The Writer’s Room (Live from Regeneration Who 3)

The Writer's Room (Live from Regeneration Who 3)

The only thing better than a great conversation about the intricacies of Doctor Who production with interesting and engaged fans like ourselves, is doing so on a panel at a convention chock-full of even more interesting and engaged fans. Could you top that? Sure. Have a discussion about writing for the show, with one of the most knowledgeable and entertaining writers from the program itself. Trifecta complete!

This week, we tap into our convention panel audio archive to offer a segment from the most recent RegenerationWho in Baltimore, Maryland. Joined by GPR guest alum Ian and Don, we welcome Doctor Who writer Robert Shearman (of “Dalek”) to the panel, to discuss the (at time of recording) unconfirmed rumour of Chibnall introducing an American-style writer’s room to Doctor Who production.


Classic Rewatch: Invasion of the Dinosaurs

Invasion of the Dinosaurs

If you were handed the keys to a spacious house, complete with every amenity, and seated on a sprawling property, but every room had a distinct and inescapable unpleasant odor, could you still enjoy the place enough to call it home? If you won a high-performance luxury car, but the trunk (boot) kept popping opening randomly and the radio wouldn’t stop playing “Memories” from Cats at full volume, could you make it your daily commuting vehicle?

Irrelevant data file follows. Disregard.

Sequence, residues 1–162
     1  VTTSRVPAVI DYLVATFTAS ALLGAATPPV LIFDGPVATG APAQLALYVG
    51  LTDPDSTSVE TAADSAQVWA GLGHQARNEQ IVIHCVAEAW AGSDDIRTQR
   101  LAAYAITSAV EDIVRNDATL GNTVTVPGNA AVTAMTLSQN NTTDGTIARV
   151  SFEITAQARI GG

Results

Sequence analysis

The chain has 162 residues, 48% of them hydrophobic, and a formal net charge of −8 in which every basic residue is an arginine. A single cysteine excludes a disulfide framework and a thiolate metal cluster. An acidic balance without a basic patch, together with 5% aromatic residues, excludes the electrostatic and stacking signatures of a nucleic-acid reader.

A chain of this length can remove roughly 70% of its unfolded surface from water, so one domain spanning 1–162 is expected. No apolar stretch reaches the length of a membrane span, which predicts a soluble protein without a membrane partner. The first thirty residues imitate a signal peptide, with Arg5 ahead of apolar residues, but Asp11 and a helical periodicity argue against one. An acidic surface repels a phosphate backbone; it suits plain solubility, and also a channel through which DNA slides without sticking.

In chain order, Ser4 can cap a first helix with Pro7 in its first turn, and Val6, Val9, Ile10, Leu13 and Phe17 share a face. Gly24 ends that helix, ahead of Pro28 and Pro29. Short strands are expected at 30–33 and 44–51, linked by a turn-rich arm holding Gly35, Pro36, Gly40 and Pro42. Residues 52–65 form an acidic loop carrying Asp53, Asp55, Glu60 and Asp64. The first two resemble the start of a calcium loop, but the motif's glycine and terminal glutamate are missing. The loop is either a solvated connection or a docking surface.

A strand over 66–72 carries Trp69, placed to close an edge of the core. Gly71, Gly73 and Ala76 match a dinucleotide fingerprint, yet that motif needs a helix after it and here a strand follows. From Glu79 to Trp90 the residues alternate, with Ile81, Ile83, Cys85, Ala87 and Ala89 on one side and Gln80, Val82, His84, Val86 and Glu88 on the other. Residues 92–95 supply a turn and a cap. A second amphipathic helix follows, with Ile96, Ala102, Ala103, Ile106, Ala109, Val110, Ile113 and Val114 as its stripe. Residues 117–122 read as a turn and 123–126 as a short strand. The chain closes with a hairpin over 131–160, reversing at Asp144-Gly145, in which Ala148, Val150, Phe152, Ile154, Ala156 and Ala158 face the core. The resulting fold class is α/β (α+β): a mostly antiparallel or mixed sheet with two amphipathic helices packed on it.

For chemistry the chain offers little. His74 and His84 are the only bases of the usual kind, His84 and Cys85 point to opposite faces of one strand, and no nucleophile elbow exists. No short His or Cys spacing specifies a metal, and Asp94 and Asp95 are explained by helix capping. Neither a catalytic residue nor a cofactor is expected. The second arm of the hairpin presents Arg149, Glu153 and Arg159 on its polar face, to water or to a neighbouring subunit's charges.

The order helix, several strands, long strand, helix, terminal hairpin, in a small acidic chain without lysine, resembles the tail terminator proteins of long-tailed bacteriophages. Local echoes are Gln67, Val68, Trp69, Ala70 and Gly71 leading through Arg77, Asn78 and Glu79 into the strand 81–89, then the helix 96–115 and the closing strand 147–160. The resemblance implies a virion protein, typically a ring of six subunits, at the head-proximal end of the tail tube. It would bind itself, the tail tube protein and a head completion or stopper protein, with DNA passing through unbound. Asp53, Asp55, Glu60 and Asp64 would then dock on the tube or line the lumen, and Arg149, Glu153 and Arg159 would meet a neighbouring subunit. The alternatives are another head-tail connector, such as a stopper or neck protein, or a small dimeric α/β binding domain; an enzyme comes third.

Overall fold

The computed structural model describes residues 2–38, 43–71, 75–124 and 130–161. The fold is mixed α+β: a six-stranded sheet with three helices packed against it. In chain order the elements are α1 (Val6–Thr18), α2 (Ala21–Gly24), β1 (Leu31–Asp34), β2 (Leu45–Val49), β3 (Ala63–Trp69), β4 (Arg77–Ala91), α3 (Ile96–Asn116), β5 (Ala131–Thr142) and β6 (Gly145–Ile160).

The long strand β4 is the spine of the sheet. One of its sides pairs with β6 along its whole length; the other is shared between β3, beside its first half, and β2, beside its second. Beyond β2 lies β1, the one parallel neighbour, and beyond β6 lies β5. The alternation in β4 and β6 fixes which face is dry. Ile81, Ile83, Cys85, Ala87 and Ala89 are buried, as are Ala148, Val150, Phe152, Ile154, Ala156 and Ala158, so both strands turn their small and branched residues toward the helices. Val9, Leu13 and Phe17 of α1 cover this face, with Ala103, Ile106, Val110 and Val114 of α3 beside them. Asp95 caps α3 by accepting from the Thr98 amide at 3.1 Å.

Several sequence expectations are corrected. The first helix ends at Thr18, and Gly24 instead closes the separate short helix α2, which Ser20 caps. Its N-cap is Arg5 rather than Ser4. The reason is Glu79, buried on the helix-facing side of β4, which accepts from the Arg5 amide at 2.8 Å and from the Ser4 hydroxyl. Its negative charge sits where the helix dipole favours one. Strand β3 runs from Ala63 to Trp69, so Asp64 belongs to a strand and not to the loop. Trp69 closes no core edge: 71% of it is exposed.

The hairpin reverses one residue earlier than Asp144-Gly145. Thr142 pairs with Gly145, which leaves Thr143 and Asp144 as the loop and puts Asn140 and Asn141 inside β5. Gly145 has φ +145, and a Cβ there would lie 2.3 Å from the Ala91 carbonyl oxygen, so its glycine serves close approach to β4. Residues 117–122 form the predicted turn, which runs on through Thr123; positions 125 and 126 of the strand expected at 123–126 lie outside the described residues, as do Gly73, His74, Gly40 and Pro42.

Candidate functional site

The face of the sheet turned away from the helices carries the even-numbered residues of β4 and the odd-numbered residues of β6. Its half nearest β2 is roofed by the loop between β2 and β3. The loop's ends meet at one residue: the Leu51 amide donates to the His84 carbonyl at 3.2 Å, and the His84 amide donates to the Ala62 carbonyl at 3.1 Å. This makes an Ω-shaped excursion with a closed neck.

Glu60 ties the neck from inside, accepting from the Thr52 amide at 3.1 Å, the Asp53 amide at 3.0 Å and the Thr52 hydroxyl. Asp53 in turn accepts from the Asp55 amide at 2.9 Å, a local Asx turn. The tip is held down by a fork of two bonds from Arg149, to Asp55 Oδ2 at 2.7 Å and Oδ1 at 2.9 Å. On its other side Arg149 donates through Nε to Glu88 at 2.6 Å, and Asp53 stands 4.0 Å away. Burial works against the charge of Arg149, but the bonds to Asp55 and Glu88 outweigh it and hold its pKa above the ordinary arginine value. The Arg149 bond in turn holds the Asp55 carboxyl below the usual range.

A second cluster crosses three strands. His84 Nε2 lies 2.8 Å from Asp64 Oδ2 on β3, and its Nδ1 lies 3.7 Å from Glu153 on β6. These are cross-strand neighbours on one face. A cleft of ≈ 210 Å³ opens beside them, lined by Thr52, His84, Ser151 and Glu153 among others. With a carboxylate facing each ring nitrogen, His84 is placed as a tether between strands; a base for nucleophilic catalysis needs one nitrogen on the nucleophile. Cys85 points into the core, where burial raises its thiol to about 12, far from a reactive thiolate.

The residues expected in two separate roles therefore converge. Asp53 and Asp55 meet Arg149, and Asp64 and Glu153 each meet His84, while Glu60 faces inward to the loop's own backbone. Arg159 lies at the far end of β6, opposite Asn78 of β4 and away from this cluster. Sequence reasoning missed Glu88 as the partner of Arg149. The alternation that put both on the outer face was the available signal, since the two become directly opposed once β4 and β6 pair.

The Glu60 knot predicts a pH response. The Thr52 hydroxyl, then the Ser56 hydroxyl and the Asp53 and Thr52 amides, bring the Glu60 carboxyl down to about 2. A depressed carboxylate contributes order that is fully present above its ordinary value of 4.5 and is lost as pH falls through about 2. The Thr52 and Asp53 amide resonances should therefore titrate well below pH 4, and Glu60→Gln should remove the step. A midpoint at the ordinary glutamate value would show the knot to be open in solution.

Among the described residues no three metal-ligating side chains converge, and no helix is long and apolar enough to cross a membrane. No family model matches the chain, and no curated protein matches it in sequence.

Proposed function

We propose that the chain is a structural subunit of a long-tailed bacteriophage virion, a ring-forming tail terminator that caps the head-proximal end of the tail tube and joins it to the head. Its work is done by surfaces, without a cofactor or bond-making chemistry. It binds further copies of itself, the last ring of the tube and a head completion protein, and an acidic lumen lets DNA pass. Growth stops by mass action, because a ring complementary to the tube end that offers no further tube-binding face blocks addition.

It’s difficult to gain the fullest appreciation from something that has so many wonderful characteristics, but simultaneously exhibits egregious flaws. We want to celebrate the positives, and somehow pretend the negatives are at least dismissible, at most misinterpreted. Sure, some aficionados will click their tongues at a crazy straw in the bottle of Châteauneuf-du-Pape, but does that really make it any less exceptional of a vintage?

This week, television editor and fellow Gonna Geek Network podcaster Wil joins us to revel in the story and cringe at the effects of ‘Invasion of the Dinosaurs’. Malcolm Hulke’s script and Paddy Russell’s direction provide the canvas for exceptional cast performances, but the shortcomings of the effects have become infamous legend since 1974. We are consummate optimists, however — so we boldly tackle the pterodactyls, take aim at the T. Rex, and celebrate the many things that make this six-part Pertwee and Sladen something truly memorable, in a good way.

EXTRA: A little “Five Rounds Rapid” Q & A with our new guest!




The Music of Doctor Who

When we reflect upon some of the clearest memories we have of events in our lives, we may be able to pick up on more than just the things we witnessed visually at those moments. We might recall the temperature and feel of the air when we rode our first roller coaster. We might remember the smell of a grandparent’s kitchen. We could taste the first decadent dessert we enjoyed at a graduation dinner. How often do you recall what was playing through the carnival loudspeakers, or on the kitchen radio, or from the restaurant sound system at the time? Was there any accompanying music to be remembered at all? It’s not often that we have a readily provided soundtrack to these indelible memories, but yet when we remember our favorite scenes from Doctor Who, it’s far more likely that in addition to the images displayed and the dialogue spoken, we can recall the nature of the music that scored them. It is, as we like to say, the “unseen character” in some of the most memorable sequences.